Trust should not fund new school


Using Shetland Charitable Trust funds to pay for the £50 million new Anderson High School would be “complete nonsense”, according to an independent trustee.

After receiving an initial approach from the SIC, which has been resolved for almost a year to seek a leaseback arrangement whereby the trust would pay for its building costs and then lease the school back to the council at a rate in the region of £4-5 million a year for up to three decades, several trustees were frosty towards the idea at last Thursday’s meeting of the charitable trust.

Independent trustee John Scott said it made no sense for the council, which has well over £200 million in reserves of its own, to ask the trust to finance the high school and that it would be a move which would “put our investment policy out of kilter”.

“We have never put £50 million into one project, or anything like it,” he said.

“We would be selling out shares at the bottom of the market – one third of our assets. I’m absolutely sure that it’s not wise. Why [doesn’t] the SIC want to pay for schools themselves? We’ve a pressing list of matters [and] I don’t think it’s a sound investment for the trust.”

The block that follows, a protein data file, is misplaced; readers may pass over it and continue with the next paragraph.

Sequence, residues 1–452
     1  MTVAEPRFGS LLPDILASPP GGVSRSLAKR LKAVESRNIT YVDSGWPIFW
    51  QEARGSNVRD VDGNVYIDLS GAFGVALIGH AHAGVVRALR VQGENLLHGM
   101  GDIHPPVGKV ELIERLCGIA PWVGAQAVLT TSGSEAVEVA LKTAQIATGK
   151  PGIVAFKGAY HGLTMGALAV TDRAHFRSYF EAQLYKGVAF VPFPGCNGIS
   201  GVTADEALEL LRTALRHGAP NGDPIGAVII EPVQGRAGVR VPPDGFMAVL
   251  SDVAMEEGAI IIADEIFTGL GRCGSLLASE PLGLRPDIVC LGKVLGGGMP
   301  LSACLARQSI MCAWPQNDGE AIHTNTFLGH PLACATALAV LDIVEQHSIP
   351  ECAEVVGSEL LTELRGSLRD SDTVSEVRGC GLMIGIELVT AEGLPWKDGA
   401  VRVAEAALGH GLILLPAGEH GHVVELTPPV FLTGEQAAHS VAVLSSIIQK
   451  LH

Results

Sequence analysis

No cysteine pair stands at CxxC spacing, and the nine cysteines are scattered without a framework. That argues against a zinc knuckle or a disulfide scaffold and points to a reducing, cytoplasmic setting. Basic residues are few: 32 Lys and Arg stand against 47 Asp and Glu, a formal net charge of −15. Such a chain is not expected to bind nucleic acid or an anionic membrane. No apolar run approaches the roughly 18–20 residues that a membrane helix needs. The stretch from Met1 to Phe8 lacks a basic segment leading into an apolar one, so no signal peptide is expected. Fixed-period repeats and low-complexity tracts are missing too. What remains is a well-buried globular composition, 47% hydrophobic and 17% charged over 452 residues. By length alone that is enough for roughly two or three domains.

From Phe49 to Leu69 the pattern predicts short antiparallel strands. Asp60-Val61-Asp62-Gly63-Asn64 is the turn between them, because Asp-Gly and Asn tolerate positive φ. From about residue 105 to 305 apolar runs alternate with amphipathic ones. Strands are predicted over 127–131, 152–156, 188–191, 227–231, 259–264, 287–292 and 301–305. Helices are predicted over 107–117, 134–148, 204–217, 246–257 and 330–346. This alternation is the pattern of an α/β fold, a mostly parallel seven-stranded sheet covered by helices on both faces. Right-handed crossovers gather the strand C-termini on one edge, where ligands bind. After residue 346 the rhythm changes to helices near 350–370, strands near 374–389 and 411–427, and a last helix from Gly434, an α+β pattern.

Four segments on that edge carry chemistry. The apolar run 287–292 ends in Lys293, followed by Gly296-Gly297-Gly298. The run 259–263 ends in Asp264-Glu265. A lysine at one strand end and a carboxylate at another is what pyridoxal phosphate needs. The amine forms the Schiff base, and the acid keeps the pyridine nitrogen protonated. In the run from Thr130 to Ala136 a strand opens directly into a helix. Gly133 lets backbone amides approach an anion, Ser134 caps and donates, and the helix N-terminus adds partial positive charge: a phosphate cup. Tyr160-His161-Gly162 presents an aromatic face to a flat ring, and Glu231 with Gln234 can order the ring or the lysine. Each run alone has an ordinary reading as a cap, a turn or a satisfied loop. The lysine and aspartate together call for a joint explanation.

Trustee Gussie Angus, who is also chairman of the council’s services committee, said he agreed with most of Mr Scott’s analysis but that an investment on which returns would be paid back by the local authority was as close as the trust could get to a “copper-bottomed” investment.

“It’s infinitely preferable to investing in tobacco shares,” he said, adding he was concerned that there had been “no consideration” of how the AHS should be financed even though a planning application has now been submitted.

Councillor-trustee Jonathan Wills also shared Mr Scott’s concerns and said the trust should under no cir­cum­stances consider selling assets to finance the project. “We have to make explicit that there’s no com­mit­ment at this stage,” he said.

Councillor-trustee Betty Fullerton said it was important that negotia­tions with the council were con­ducted in a “clinical, professional manner” and treated like any other investment. She wanted to know whether the trust would be respon­sible for forking out maintenance costs for the school once it has been built.

Trust financial controller Jeff Goddard said it was an idea worth pursuing, though there are “other potential projects on the horizon”, not least a potential £50 million investment in the Viking Energy windfarm. He said SLAP could accommodate such a large invest­ment and generate a commercial return. He is now working on a detailed report to put before trustees on 28th May which will consider whether the projected return on the investment would be comparable to that gained by investing in bonds and other property.

A motion from Mr Scott to throw out the idea of continuing dialogue with the council on the idea was rejected by 14 votes to two, with six abstentions.


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